Will AI Make You Faster/Smarter/Stronger … Or Just Replace You? – Forbes

I guess there’s always a third option, the one Elon Musk worries about. That is, of course, Skynet.
Or more viscerally, Terminator.
But AI is already here, even if it’s not self-aware. And we’re adding more of it every day to our homes, our offices, our workplaces, and our cities. The valid question is: what will AI do for us? Will it replace us, as we’ve seen automation do in factories? AI radiologists, for example, are already 11.5% better than human radiologists.
Or will it enhance our capabilities?
Will AI replace us by automating our jobs away? Or will it enhance our capabilities and enable us to … [+] do more and better work?
For instance, an AI radiologist is unlikely to be able to converse with a patient, question the source of the data it is looking at, seek tangential possibilities, or interface with doctors. But a radiologist using AI could be smarter and faster, freeing up more time for both deeper human connection and additional work.
Slater Victoroff, AI developer and CTO of a process automation startup Indico, thinks AI will be our friend. And co-worker.
And, essentially, bionic arm: you’re in charge, but AI is a force multiplier.
Not, in other words, our replacement.
“One mode is what I would call the Android mode of thinking, which is [that] an AI worker is going to come in and sit next to me and it does some portion of work of a human worker or something along those lines, right,” Victoroff told me on a recent episode of the TechFirst podcast. “And I think that stands in pretty stark opposition to what I personally prefer, which is the bionic arm notion of AI. It’s the idea that this is fundamentally a tool like any other, and you can lift 10 times as much, right, you can do your work 10 times better. But it’s still fundamentally you doing the work.”
That’s a comforting thought.
Listen to our conversation on the TechFirst podcast:
And there’s clearly examples where that happens. A trivial example: I can do more, faster, when I hand off simple math problems to Siri on my iPhone. A more compelling workplace example is a lawyer who can use AI to serve more people by offloading repetitive tasks for simple goals onto a smart system.
And it’s generally clear in those cases that while there’s a smart system involved, it’s not primarily responsible for the outcomes.
“When we’re talking about an AI lawyer, it’s important that we’re not actually talking about an AI lawyer, right?” Victoroff says. “What we’re talking about is a series of very, very powerful tools that allow one lawyer to serve a hundred people in a really cursory way, as opposed to three people in a really detailed way.”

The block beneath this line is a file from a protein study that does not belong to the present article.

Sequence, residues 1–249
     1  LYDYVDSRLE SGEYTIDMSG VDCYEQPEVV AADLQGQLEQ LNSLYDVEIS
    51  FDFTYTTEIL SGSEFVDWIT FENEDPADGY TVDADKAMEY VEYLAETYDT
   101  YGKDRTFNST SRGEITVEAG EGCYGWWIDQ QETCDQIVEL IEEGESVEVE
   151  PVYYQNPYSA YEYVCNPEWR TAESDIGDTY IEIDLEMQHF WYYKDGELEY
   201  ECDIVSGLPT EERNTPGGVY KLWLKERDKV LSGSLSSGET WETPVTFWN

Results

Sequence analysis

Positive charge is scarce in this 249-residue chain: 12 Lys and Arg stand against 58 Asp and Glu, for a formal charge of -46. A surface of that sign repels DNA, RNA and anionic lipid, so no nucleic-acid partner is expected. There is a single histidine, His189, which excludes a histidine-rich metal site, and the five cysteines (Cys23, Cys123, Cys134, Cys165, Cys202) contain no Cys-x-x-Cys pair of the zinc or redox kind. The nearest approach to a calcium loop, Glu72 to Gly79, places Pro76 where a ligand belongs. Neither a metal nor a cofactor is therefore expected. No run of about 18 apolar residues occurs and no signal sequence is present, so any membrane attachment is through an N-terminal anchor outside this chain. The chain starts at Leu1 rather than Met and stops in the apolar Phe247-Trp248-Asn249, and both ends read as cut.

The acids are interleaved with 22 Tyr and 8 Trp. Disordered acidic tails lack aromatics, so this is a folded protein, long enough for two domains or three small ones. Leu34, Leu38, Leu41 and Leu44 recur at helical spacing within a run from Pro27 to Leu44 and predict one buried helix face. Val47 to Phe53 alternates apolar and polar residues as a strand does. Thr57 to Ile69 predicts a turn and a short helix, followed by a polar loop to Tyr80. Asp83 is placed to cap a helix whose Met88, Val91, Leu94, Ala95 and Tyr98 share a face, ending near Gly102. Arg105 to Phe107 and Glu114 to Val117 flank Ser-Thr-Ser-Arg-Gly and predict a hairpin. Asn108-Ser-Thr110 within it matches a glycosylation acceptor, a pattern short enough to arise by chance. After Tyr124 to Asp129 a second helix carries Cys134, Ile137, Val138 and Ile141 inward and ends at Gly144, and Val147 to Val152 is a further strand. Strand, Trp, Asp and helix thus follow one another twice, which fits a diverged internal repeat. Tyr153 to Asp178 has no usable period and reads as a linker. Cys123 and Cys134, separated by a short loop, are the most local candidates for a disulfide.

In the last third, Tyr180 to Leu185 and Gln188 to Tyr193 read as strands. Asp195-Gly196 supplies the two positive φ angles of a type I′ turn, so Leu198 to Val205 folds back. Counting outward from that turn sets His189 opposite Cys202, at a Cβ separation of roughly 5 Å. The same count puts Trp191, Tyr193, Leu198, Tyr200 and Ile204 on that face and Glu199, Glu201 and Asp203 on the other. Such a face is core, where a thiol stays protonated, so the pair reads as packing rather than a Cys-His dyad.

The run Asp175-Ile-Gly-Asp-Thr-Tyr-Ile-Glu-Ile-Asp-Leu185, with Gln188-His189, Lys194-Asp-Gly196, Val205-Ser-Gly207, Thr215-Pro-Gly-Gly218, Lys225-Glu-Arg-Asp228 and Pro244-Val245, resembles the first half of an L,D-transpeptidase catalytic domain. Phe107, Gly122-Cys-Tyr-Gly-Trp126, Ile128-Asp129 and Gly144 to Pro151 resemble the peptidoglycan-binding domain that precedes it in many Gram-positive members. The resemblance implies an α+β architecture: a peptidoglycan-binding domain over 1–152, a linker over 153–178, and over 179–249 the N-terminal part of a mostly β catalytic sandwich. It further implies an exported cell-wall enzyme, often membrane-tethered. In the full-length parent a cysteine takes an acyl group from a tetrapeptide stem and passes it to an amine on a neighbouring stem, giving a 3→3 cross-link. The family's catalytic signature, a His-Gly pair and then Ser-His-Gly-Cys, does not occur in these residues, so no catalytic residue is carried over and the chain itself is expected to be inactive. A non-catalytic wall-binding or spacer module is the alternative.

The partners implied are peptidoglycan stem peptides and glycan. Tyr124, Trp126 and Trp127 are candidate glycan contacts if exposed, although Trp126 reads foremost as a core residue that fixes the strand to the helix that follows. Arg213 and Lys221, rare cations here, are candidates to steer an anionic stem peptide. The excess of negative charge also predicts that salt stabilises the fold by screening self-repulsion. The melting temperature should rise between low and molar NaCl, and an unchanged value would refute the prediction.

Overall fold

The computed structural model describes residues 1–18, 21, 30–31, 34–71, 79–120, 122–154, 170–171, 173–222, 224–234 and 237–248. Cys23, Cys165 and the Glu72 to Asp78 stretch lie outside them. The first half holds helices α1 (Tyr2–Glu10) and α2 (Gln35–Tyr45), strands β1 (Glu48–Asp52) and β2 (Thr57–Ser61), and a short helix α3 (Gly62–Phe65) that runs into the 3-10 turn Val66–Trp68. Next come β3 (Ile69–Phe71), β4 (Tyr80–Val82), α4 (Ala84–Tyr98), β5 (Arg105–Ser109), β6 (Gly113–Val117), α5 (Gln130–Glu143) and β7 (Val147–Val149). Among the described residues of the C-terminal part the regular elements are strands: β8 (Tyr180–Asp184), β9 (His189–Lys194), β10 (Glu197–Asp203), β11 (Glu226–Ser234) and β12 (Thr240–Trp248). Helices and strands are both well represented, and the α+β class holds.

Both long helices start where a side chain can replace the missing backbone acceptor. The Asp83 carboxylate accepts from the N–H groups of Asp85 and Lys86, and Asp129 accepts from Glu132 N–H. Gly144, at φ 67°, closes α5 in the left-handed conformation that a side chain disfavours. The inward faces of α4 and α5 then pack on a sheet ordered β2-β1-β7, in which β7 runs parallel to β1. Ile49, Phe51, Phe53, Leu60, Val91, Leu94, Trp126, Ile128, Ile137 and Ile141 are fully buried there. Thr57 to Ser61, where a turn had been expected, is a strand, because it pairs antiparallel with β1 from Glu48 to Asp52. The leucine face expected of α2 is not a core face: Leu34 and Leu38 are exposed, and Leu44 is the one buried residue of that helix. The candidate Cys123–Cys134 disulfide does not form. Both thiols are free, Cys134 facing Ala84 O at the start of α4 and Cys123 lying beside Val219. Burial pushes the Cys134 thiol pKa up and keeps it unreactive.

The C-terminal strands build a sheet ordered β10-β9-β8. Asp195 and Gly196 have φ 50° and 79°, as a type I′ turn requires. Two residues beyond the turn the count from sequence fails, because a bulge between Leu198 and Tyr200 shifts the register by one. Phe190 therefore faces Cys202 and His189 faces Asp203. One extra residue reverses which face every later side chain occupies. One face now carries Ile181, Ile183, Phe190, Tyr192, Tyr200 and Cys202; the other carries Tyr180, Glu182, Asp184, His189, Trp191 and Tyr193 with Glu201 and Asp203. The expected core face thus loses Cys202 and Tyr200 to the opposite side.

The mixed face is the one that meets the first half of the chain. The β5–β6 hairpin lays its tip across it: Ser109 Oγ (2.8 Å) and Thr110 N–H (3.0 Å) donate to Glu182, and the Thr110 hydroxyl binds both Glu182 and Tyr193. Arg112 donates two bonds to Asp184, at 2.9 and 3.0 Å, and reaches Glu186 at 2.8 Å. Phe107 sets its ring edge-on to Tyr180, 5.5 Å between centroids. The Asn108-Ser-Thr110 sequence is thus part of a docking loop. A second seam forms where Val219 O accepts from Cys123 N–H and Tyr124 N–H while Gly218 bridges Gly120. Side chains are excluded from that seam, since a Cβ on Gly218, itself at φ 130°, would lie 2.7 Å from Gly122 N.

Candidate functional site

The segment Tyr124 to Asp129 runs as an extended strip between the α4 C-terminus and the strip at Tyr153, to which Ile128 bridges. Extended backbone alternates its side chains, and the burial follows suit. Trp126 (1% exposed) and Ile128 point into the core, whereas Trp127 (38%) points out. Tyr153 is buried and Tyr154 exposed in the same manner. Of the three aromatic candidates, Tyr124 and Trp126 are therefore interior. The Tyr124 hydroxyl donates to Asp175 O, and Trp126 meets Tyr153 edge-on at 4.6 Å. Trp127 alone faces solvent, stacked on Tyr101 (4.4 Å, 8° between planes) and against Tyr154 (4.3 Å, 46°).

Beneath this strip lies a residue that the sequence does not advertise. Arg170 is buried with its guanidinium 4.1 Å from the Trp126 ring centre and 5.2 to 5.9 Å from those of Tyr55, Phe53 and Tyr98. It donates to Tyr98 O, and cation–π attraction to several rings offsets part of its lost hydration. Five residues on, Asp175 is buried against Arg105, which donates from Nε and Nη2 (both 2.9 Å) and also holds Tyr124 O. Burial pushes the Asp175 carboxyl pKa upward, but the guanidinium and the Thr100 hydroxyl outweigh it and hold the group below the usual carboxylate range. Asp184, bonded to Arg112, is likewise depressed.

“Nobody’s going to say that [they] want an AI lawyer representing [them] in an actual court case … correct?”
Essentially what he’s saying is that there’s no magic. No genie in the bottle. And no super-smart Jarvis to take orders and almost magically fulfill them, as we see in the Iron Man movies.
Interestingly, Victoroff talks about the black box problem.
Not for AI, which is what you might expect, but for people.
The AI black box problem, of course, is the idea that we don’t know why AI made a decision, we just know it made one. This is dangerous: literally days ago a Facebook AI recommendation engine clearly thought that black men in videos were primates. Google had a similar problem in 2015. We obviously need better processes to vet the results of AI efforts to ensure accuracy and reduce bias.
But there’s a human black box problem too.
“We don’t talk as much about black boxes in human processes … which is actually kind of what these things are, right?” Victoroff says. “They’re highly non-transparent.”
One example: loan applications.
A people-driven process might look like a well-oiled machine from the outside, but in reality, it’s a piece of paper hitting Bob’s or Betty’s desk, and a decision being handed down, and there it goes. Both humans and AI black boxes exist, and that’s a challenge in an environment where we want to build a fairer and better world.
For Victoroff, there’s no magic.
There’s just repetitive learning and decisions. AI, he says, is fundamentally a mirror. Which means that if we have bias in our culture, we’ll inevitably have bias in our AI. And that’s not a comforting thought.
What is, however, is that there might be a future in which we are not replaced by smarter machines, as Elon Musk has publicly mused. But that ever-smarter computer systems can help us do the things we need to get done.
“If the job is mimicking a human, it’s never going to be as good as a human, right?” says Victoroff. “I think that the arc of history on this one is very, very clear … generally what you see with automation is an increase in the amount of work that you’re able to do.”
Get a full transcript here, or subscribe to TechFirst.

I forecast and analyze trends affecting the mobile ecosystem. I’ve been a journalist, analyst, and corporate executive, and have chronicled the rise of the mobile

I forecast and analyze trends affecting the mobile ecosystem. I’ve been a journalist, analyst, and corporate executive, and have chronicled the rise of the mobile economy. I built the VB Insight research team at VentureBeat and managed teams creating software for partners like Intel and Disney. In addition, I’ve led technical teams, built social sites and mobile apps, and consulted on mobile, social, and IoT. In 2014, I was named to Folio’s top 100 of the media industry’s “most innovative entrepreneurs and market shaker-uppers.” I live in Vancouver, Canada with my family, where I coach baseball and hockey, though not at the same time.

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